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ARS Home » Southeast Area » Stoneville, Mississippi » Crop Genetics Research » Research » Publications at this Location » Publication #302588

Research Project: Development and Characterization of Soybean Germplasm, Curation of Stored Accessions, and Regional Evaluations of New Genotypes

Location: Crop Genetics Research

Title: Resistance to Phakopsora pachyrhizi in soybean PI 587905 maps to the Rpp1 locus and exhibits variable dominance associated with plant ontogeny

Author
item Smith, James - Rusty
item Ray, Jeffery - Jeff
item Morel, Wilfrido - Centro De Investigacion
item Frederick, Reid
item Walker, David

Submitted to: Journal of Crop Improvement
Publication Type: Peer Reviewed Journal
Publication Acceptance Date: 6/18/2015
Publication Date: 9/15/2015
Citation: Smith, J.R., Ray, J.D., Morel, W., Frederick, R.D., Walker, D.R. 2015. Resistance to Phakopsora pachyrhizi in soybean PI 587905 maps to the Rpp1 locus and exhibits variable dominance associated with plant ontogeny. Journal of Crop Improvement. 29:581-601.

Interpretive Summary: Soybean rust is a fungal disease that can cause significant yield loss to soybeans worldwide. The disease entered the United States in 2004 and caused great concern that the U.S. soybean crop would be damaged. USDA scientists quickly set about testing many of the soybean strains in the USDA soybean collection in hopes of identifying soybeans with resistance to this fungus. In the process, soybean PI 587905 was identified as having resistance to the fungus. PI 587905 was used in the current study to create a large family of new soybean lines; some with resistance to the fungus and some without resistance to the fungus. The families were thoroughly tested in the presence of the fungus in both greenhouse and field studies, and it was determined that PI 587905 has a single gene for resistance to soybean rust. Furthermore, a genetic map was created, and it was determined that the single resistance gene was located at a place in the soybean genome called Rpp1. Finally, after careful review of all the scientific data, both from this study and from other studies, it was determined that PI 587905 carries a unique version of the gene at Rpp1. This information is significant because it means that PI 587905 may have resistance to specific isolates of soybean rust to which other soybeans have no resistance. As a result of this study, soybean breeders will know that PI 587905 is a very unique and useful soybean for developing resistant soybean cultivars in the future.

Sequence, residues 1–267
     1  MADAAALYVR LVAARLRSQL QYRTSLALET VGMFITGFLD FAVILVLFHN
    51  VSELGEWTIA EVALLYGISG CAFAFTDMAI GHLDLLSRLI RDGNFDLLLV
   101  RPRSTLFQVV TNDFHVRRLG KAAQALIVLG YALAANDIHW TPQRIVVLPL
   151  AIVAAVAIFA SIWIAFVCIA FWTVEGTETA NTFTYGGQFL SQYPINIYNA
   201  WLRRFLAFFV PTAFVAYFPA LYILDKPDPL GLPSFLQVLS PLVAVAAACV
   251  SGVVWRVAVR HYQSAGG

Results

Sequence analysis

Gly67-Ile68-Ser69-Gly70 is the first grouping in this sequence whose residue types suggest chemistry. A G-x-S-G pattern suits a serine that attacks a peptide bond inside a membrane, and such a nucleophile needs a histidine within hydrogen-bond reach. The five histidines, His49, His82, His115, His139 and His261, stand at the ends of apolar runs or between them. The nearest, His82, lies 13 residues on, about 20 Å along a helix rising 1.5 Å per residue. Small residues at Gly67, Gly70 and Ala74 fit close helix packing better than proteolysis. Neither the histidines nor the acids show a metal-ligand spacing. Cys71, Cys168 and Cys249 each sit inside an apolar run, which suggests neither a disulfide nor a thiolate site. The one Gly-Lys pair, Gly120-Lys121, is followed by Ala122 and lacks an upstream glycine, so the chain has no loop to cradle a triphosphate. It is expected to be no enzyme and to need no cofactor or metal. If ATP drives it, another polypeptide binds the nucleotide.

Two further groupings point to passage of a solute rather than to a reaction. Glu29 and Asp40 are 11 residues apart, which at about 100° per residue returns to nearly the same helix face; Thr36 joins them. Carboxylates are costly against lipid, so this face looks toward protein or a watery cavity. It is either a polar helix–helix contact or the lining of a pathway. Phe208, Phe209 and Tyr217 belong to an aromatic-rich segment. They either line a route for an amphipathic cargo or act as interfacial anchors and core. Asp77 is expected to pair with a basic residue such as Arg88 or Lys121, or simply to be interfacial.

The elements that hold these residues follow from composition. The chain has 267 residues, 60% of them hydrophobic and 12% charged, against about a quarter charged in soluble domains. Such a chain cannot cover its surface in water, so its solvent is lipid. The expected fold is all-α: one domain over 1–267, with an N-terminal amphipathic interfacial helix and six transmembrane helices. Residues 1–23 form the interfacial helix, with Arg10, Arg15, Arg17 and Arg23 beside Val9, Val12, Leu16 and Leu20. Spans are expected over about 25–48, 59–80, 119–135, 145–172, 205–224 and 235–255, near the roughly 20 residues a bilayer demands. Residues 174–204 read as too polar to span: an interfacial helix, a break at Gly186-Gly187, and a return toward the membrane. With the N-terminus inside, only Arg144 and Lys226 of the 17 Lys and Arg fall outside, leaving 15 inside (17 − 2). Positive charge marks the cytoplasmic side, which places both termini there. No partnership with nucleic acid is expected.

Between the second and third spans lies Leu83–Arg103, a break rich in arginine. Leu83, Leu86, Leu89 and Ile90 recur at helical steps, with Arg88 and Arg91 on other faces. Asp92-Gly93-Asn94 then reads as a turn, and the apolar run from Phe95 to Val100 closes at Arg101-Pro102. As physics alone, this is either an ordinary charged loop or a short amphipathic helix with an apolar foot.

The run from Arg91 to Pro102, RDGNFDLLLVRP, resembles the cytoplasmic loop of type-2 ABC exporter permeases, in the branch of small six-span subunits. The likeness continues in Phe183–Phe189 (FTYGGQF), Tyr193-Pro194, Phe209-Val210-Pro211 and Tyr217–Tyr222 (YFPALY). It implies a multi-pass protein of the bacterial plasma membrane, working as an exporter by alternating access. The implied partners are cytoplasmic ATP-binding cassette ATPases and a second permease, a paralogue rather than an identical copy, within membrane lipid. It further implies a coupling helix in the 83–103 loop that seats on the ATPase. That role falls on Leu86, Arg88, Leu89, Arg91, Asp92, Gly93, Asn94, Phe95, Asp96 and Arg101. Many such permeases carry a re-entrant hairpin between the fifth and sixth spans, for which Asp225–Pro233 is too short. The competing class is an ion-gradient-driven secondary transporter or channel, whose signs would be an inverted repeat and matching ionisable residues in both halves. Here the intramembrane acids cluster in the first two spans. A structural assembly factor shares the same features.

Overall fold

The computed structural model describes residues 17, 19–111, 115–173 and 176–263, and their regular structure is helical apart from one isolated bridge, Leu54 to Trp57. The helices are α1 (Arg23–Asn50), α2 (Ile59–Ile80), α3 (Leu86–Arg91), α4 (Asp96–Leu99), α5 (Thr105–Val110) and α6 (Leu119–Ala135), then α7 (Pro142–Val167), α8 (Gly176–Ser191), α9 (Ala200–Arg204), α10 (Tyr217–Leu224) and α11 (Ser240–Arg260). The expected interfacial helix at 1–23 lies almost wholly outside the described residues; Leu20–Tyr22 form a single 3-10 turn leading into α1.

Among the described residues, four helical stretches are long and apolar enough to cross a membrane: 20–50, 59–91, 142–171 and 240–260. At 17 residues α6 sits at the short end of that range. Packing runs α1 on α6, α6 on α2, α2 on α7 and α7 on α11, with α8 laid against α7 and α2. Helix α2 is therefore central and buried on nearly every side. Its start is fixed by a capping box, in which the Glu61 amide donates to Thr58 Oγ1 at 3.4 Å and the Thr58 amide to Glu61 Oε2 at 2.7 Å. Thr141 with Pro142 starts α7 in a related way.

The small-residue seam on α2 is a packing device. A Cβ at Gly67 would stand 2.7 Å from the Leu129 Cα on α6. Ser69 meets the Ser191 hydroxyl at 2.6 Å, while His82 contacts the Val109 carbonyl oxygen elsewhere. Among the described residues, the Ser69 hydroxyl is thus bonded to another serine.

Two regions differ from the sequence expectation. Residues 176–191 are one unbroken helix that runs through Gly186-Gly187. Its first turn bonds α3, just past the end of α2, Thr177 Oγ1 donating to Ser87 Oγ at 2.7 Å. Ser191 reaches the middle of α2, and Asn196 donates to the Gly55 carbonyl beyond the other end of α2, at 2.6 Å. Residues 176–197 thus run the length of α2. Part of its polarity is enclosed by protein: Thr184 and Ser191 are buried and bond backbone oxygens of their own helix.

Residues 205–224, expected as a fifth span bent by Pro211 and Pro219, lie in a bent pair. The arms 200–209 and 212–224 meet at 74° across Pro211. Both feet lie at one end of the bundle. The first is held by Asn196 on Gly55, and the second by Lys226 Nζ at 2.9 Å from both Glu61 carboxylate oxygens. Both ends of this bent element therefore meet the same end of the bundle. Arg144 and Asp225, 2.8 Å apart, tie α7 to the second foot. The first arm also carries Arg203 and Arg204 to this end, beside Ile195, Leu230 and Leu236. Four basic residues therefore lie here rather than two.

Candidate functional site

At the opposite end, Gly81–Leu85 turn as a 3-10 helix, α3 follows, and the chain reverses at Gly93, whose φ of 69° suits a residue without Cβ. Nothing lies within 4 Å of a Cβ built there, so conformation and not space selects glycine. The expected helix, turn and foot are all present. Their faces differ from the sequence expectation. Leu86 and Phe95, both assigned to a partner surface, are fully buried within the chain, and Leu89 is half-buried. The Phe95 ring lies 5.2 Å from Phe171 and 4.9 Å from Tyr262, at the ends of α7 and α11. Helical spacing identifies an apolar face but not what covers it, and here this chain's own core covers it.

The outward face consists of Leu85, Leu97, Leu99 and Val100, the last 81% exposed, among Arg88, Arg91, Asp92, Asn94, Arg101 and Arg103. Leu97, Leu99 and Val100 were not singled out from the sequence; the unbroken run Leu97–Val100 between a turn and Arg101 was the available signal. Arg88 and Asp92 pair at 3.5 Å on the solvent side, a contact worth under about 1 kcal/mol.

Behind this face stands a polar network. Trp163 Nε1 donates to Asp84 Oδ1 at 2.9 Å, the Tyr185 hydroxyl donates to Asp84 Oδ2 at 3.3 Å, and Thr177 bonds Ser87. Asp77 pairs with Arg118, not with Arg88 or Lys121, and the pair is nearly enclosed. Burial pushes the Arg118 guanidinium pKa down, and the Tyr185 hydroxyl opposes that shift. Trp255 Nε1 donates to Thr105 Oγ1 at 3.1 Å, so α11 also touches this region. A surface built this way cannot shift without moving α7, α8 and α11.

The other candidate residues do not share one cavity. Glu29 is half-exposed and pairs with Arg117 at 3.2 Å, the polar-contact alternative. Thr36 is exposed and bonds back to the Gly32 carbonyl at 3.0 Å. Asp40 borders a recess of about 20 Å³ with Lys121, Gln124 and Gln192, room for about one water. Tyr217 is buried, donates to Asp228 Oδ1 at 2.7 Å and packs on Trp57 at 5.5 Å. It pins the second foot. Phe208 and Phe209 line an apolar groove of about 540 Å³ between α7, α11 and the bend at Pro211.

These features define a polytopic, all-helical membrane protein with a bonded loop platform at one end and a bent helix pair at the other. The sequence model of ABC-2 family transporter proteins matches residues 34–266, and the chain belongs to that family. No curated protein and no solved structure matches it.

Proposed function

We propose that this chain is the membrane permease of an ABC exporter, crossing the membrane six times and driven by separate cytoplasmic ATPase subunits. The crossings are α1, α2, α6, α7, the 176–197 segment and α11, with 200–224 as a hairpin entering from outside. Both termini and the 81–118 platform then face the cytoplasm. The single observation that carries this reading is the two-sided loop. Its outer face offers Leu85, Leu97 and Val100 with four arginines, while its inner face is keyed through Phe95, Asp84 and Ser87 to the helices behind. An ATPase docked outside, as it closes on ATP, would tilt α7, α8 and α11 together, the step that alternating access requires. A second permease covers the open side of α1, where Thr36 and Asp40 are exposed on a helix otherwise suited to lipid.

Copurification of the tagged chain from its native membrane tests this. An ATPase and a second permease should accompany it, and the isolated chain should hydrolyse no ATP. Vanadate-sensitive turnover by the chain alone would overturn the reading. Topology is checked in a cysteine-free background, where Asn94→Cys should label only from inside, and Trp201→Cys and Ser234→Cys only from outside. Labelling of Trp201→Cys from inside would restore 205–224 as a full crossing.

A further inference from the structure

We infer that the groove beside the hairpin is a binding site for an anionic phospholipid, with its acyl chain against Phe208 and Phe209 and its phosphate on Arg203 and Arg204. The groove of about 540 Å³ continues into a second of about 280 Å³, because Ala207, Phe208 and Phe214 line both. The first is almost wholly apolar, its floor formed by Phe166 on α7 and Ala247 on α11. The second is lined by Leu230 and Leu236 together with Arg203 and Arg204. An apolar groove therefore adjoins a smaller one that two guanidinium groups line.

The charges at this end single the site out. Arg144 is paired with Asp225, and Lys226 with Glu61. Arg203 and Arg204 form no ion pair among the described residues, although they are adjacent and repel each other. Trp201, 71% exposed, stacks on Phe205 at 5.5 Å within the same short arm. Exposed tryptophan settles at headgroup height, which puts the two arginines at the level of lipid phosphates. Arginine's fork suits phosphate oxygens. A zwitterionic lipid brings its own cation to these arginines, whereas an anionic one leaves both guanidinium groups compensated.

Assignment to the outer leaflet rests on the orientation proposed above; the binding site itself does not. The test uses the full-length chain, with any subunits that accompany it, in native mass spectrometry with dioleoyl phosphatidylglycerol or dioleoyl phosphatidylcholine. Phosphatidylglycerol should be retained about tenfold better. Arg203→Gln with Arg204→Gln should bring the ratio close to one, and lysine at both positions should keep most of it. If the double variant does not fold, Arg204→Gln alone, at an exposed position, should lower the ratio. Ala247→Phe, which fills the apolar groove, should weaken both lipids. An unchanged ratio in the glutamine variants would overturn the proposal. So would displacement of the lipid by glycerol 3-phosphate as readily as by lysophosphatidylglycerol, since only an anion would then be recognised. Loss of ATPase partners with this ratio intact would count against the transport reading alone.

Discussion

Technical Abstract: Soybean rust, caused by Phakopsora pachyrhizi Sydow, results in significant yield loss worldwide. Soybean accession PI 587905, previously identified as having resistance to P. pachyrhizi, was used to create two independent populations (F2 plants and F2-derived F3 lines) segregating for resistance. Both populations were derived from the cross DS-880 × PI 587905. Seedlings of the F2-derived F3 (F2:3) lines were inoculated with a natural field population of P. pachyrhizi in a greenhouse, and adult F1 and F2 plants were assayed in a field in southeastern Paraguay in order to determine and map the inheritance of resistance in PI 587905. Ninety-five F2:3 lines, 147 F2 plants, and seven F1 plants were evaluated for lesion type using the following phenotypic classes: immune reaction (IR), reddish-brown (RB) lesions, or tan (TAN) lesions, either localized or universally distributed. Based on lesion type, each F2:3 line was rated as either resistant, susceptible, or segregating, and this classification was then used to infer the phenotype and genotype of each corresponding F2 plant. Both the F2 and the F2-inferred segregation ratios fit the 1:2:1 (resistant:heterozygous:susceptible) ratio expected for segregation of a single gene (P>0.05). In the field assay, RB lesions occurred on all of the F1 plants and on 50% of the F2 plants but were not observed on either parent, indicating incomplete dominance. Molecular markers flanking the Rpp1 through Rpp5 P. pachyrhizi resistance loci were used to map the resistance gene in PI 587905 to the Rpp1 locus. This information will be useful to plant breeders for developing resistant cultivars.